New Viganò Revelation: Francis Carries Out A Sixty Year Old Plan, by Robert Moynihan, PhDAugust 1, 2019
What’s Driving America’s ‘Boy Crisis’, by Daniel DavisAugust 1, 2019
By Stephen P. White, The Catholic Thing, August 1, 2019
“Virtue” is a word that doesn’t get as much use as it ought to these days. When it is used, it’s often misused to mean something like “moral talent” – an innate quality that some people just have while others don’t. But virtue, unlike talent, isn’t something you are born with. We all begin life, not as virtuous men and women, but as tyrants: morally innocent, perhaps, but tyrannical, nonetheless. God’s grace notwithstanding, growing in virtue requires a lot of work.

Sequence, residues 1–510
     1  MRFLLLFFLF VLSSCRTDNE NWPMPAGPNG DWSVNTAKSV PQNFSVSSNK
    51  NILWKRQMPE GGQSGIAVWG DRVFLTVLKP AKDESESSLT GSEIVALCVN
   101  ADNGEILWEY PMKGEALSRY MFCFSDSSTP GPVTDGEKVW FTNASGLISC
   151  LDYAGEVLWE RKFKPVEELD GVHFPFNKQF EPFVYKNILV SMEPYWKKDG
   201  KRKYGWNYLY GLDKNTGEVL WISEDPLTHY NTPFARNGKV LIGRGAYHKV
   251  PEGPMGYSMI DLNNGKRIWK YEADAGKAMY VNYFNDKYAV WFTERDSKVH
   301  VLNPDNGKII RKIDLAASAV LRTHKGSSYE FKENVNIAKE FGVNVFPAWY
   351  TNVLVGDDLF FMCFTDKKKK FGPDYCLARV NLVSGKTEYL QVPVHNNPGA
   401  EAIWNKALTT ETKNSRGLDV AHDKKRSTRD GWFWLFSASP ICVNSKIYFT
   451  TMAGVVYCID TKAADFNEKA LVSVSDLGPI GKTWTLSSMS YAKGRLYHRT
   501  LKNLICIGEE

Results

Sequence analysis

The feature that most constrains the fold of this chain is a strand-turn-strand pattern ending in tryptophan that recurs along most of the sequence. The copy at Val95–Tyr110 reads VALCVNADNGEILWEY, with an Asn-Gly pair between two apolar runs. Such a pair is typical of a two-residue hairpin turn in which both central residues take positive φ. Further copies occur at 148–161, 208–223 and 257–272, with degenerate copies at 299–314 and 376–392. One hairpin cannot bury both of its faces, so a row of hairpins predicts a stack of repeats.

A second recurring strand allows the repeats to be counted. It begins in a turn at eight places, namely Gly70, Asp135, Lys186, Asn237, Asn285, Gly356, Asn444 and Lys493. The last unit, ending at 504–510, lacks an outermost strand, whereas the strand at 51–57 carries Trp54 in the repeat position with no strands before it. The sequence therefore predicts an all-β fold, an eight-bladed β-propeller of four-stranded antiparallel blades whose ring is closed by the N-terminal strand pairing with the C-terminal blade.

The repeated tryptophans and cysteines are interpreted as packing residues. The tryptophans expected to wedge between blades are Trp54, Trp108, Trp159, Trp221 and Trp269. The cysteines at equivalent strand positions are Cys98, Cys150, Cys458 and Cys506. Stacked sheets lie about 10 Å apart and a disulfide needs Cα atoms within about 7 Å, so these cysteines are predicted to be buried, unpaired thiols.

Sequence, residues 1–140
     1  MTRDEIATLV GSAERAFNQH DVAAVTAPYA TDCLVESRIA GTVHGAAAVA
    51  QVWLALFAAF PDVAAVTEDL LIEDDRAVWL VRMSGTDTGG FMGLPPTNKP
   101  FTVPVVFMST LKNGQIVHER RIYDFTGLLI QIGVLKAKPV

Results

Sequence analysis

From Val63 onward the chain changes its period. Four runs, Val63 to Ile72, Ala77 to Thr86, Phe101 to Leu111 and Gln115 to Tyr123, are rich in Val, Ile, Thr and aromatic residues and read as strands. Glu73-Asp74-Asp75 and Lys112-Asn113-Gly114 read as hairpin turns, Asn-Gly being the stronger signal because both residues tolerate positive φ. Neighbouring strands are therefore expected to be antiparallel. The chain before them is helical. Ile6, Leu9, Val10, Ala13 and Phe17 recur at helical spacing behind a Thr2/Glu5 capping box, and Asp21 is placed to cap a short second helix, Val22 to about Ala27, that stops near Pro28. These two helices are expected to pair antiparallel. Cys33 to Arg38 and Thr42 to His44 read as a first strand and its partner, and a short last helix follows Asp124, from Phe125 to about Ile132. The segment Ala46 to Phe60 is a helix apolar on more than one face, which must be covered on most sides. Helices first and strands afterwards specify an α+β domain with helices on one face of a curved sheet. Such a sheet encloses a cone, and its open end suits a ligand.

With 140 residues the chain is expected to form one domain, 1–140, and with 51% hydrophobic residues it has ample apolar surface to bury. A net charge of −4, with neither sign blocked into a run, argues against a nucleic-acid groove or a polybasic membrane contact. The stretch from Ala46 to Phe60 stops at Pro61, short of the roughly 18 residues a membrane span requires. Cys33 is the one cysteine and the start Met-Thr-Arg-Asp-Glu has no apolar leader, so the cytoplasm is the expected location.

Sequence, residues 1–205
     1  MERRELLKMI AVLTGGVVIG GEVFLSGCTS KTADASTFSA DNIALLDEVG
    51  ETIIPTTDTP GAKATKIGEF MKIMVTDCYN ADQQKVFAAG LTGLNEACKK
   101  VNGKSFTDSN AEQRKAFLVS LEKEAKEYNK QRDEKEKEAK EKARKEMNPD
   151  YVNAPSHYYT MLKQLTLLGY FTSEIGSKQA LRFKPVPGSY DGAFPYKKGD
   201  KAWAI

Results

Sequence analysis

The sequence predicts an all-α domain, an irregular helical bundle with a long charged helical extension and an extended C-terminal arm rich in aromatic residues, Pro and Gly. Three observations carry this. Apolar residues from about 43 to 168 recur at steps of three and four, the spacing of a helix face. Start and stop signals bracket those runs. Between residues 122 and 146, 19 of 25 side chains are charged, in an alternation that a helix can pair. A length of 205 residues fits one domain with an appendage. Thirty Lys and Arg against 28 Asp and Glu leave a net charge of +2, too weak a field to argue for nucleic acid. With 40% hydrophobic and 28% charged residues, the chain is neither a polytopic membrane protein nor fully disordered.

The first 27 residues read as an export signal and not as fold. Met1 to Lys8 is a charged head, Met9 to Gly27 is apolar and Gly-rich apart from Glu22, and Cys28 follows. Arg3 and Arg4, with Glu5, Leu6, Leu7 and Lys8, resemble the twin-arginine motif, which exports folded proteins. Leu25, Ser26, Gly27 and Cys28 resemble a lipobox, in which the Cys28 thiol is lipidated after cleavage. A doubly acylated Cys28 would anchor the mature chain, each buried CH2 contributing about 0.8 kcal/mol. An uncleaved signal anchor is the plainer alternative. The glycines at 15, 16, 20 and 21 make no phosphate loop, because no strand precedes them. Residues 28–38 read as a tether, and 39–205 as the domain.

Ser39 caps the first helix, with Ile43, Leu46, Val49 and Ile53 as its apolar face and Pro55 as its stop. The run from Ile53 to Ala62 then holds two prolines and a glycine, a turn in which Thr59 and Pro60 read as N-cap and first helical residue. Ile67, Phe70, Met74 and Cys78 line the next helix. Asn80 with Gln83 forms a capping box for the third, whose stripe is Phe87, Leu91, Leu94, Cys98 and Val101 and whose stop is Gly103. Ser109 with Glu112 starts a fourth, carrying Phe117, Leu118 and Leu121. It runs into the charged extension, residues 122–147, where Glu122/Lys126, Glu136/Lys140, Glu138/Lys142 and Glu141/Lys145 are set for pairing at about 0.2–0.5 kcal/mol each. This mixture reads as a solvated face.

The very idea of the virtues is antithetical to a certain modern sensibility, the reluctance to acknowledge that we are somehow responsible for becoming more than we already are. It’s much easier to simply assert ourselves and demand, with ever more vehemence, that we be celebrated for our inadequacies rather than called out of them. When mercy means never having to say you’re sorry, why go through the trouble of growing in virtue?
Perhaps this is one reason that talk of virtue is sometimes considered quaint. The old definitions of virtue – a habit of soul in accord with reason and nature and moderation – rest on concepts (nature? reason?) that are unintelligible to much of our contemporary world. Talk of “a still more excellent way” in some contexts, even within the Church, is practically a micro-aggression. ….